It was at Roland Garros a year ago that Novak Djokovic became only the third male tennis player to hold all four major titles at once – a feat last managed by Australia’s Rod Laver in 1969 – and the first ever to do so on three different surfaces.
That the 30-year-old Serbian should exit at the quarter-finals of this year’s French Open, given the faltering form he has shown ever since that high point, was not a surprise, especially as he was facing the rising force of Austria’s 23-year-old sixth seed Dominic Thiem.
But once the balance of the match tipped following an opening set in which Djokovic had established a 4-2 lead, the manner in which his challenge faltered and then ceased, in a final set which he lost 6-0, was shocking.
It was not so much the third set scoreline – one he had not endured in any competition since 2005 – but the image he presented as he went through the motions of competition.
Tennis is a world away from boxing, but in terms of its personal drama in a confined and unforgiving space it often has something of the fistic sport’s brutal intensity. And as the former world number one headed for defeat on Suzanne Lenglen Court his eyes were those of a shot fighter going through the motions.
The 12-times Grand Slam winner referred to “personal issues” after his third round exit at last year’s Wimbledon, and has since had injury problems. Djokovic parted company with his coach Boris Becker at the end of last year and last month severed his connection with the rest of his team, including long-time friend Marian Vajda.
For the first week of Roland Garros he was consulting another man with four different Grand Slams to his credit, Andre Agassi, but the latter returned to the United States at the weekend.
That other noted multiple Grand Slam winner John McEnroe, told BBC Sport that he found Djokovic’s capitulation “inexplicable”, adding: “he basically gave up. It looked in the third set like he just didn’t want to be out there, couldn’t compete any more, and that’s shocking for a guy that’s won as much as he has and prides himself on competition. It just shows you everyone’s human.”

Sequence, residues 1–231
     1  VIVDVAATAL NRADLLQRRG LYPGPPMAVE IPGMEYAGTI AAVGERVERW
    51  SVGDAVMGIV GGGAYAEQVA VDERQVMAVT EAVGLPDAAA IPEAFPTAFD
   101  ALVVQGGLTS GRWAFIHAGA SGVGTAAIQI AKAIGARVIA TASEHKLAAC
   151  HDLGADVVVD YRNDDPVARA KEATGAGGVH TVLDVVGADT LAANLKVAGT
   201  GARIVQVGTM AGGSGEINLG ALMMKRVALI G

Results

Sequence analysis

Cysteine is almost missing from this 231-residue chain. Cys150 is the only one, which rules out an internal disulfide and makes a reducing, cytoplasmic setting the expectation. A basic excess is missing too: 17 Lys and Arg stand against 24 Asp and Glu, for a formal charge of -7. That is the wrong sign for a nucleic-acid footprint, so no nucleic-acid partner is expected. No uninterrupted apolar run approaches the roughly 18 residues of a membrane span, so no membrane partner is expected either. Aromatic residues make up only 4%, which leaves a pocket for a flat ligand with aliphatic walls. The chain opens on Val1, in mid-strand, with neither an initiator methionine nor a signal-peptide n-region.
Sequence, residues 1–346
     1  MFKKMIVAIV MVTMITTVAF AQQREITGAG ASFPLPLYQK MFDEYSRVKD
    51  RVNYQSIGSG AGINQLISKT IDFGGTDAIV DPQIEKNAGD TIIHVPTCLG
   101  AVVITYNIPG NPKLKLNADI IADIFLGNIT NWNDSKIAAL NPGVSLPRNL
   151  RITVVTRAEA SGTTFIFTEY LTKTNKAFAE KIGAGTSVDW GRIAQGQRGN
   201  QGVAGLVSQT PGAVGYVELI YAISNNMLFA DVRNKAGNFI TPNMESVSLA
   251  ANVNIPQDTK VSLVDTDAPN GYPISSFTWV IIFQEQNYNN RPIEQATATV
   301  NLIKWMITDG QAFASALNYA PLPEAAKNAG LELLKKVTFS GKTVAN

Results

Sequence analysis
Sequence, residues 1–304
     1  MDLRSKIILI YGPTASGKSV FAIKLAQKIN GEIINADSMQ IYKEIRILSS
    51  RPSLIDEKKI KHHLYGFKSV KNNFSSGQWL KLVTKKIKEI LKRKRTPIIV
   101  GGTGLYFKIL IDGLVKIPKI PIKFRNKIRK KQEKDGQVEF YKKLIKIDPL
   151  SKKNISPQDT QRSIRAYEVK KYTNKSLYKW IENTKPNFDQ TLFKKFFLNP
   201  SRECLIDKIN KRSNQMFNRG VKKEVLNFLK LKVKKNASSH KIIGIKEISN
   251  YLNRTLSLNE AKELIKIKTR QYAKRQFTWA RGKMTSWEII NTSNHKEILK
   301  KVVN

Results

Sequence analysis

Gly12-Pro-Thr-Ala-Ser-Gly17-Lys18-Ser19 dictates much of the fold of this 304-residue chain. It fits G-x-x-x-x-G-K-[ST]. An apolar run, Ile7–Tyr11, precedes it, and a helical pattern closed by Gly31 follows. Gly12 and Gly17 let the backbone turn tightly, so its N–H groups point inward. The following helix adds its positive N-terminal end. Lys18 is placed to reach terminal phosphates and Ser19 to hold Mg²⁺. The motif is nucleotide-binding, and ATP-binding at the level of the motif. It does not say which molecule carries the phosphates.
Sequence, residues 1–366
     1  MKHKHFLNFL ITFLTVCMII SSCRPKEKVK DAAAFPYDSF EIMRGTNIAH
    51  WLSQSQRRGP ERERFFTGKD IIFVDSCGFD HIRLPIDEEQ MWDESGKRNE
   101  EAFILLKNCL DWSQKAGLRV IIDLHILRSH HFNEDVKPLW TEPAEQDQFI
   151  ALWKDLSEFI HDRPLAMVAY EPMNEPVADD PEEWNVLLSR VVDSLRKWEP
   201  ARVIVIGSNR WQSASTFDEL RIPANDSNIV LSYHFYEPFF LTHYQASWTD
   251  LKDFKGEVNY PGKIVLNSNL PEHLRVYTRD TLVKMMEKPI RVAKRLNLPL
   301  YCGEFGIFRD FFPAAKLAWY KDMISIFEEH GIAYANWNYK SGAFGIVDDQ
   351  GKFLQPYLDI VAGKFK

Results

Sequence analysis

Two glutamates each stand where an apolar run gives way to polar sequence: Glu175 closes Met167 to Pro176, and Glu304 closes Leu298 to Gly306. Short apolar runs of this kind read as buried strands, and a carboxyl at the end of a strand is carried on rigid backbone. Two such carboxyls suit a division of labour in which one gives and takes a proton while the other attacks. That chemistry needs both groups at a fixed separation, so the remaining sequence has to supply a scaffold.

Did he give up? On the day it almost seemed, as with Philip Larkin and poetry, that tennis gave him up.
Two things to be said here though. Although Djokovic may have left the building, in spirit, some time before the end of the match, he saw it through to the very bitter end. No sudden retirements injured for him.
Second thing – typically, afterwards, he fronted up. “For me, it’s a whole new situation that I’m facing,” the Serb told the press.
“Especially in the last seven, eight months, not winning any tournament, which hasn’t happened in many years.
“I guess you’ve got to go through it, try to learn your lessons and figure out how to get out of it stronger.
“It’s a big challenge, but I’m up for it.”
Will Djokovic respond to this big challenge? If he wants inspiration, he need only look at the way Roger Federer, idolized and then patronized by some media observers, re-forged his winning spirit aged 35 to win at the Australian Open this year, claiming a historic 18th Grand Slam title after a five-year gap.
But there was no dramatic fall for Federer as there was for Djokovic in Paris.
To see someone of such talent drop away so dramatically is disturbing. It recalls the fall from the golfing heights by Tiger Woods, or, in team terms, the 7-1 thrashing Brazil endured at the hands – or rather feet – of Germany in their home FIFA World Cup semi-final three years ago.
Eleven years ago I sat with Djokovic’s parents, Srdjan and Dijana, and his youngest brother Djordje, as he reached the third round at Wimbledon by disposing of Spain’s 11th seed, Tommy Robredo, in straight sets.
His mother alternately chewed at her finger and clenched her fist in the air. Father Srdjan chewed his gum so rapidly that he might have been appearing on sped-up film. Meanwhile 10-year-old Djordje offered fierce tactical advice from under his red baseball cap.
Afterwards, Dijana, chic and tanned, settled back in her chair as the head settled on her Guinness in one of the court-side bars. “It is my favorite,” she said with a smile that had barely left her face since seeing her boy – the youngest in the draw at just 19 years and one month – march on.
For all his years of experience, for all his bold and dramatic successes at Wimbledon and the Open tournaments of Australia, France and the US, Djokovic at 30 is missing something now that he had back then: an unquestioning, uncompromising, irresistible upward trajectory. Resuming that will probably represent the biggest challenge of his career.
By Mike Rowbottom
Republished with permission from insidethegames.biz.